This was not the first time that Christ's lips had framed the prayer of trust. He was skilled in the exercise. Each day had begun with the same self-surrender. He trusted in God thatHewoulddeliverHiminHis boyhood trials, in the heat of manhood's temptation, in the pain of misunderstanding and persecution--in short from the manger to the Cross. His reward is that now, when He can do naught for Himself, but must leave all things to the Father, it is no effort for Him to trust. He does it intuitively. There was a day, before the night had come in which no man can work, when the promptings of evil had urged Him to trust, and only trust, though His arms were free to toil. "He shall give his angels charge over thee, that thou dash not thy foot against a stone." But it was a false trust to which Satan challenged Him on the dizzy height of the Temple's [72/73] pinnacle;--not trust at all, but insolent assurance. Now the arms that had been so active are transfixed, the feet so swift in mercy have made their last journey, the heart of love so sensitive to others' woe is broken. He does the only thing that remains for Him to do: He trusts. And because He has trusted at the beginning and in the middle of His career, because He has trusted in His activity, He now trusts triumphantly, gloriously, at the end.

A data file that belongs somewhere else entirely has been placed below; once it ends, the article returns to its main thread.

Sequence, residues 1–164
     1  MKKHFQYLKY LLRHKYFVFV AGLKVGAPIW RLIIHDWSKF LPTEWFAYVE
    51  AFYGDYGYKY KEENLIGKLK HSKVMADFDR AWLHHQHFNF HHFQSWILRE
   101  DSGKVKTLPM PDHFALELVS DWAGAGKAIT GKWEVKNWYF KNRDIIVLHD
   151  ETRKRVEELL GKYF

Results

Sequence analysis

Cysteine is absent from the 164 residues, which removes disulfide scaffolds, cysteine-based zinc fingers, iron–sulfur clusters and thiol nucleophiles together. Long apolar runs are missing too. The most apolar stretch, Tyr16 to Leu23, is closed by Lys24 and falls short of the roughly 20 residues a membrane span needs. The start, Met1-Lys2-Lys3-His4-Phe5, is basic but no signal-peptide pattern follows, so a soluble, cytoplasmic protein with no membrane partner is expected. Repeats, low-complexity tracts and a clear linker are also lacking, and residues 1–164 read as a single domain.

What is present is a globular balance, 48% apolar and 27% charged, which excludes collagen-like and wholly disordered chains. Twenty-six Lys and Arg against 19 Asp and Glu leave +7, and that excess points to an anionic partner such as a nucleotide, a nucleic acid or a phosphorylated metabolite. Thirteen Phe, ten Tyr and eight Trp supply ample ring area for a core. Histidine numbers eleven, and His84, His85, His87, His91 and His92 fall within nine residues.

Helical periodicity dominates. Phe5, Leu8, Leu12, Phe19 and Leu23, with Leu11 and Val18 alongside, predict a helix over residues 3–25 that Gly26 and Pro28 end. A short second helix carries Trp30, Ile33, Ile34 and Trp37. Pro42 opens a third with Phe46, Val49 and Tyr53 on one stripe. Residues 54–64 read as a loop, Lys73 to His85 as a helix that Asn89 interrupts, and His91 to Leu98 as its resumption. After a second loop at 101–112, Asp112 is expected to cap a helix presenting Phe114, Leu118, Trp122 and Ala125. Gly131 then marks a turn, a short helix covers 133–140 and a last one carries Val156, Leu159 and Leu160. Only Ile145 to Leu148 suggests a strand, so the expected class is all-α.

Am I wrong in thinking that self-trust is to an unusual degree the sin of the age? Civilization has strewn the path of progress with the spoils of science and the fruits of invention. Discomfort is reduced to a minimum, distance has been conquered, disease is increasingly within our power. Humanity is crowned with the diadem of intellectual conquest and material success, and the heart is swollen with pride. Just how much we lean on temporal supports, only those know who in wholesome self-discipline for a season have tried to live without them, or from whose lives the pitiless hand of adversity has swept them. By some strange self-delusion [73/74] men and women whose whole weight is thrown upon things material, if they think of the end at all, seem to find satisfaction in considering the trust by which they will then be sustained. Weak sentimentalism fostering a false hope! How shall we be able to trust God in great things, if we have never had enough faith to trust Him in small things? How shall we have any confidence at the hour of death in One whose love and power we have never allowed ourselves to experience in life? Our money, our genius, our luck, our ideas, our plans, carried us through life. God was not in our thoughts. Believe me, there will come a day when "the cord is frayed and the cruse is dry." There will be nothing left for us to do but trust; and what if we find ourselves without the capacity of faith? The shadows of death will try the temper of our life, of what sort it is--our motives, our ambitions, our belief in God's personal providence. As far as we are concerned the foundations of the firmament will be broken up. Then will it be made evident to whom we have given the glory, whether to God or to self. No self-confidence [74/75] can carry us through death,--nothing but the power of God evoked by trust on our part.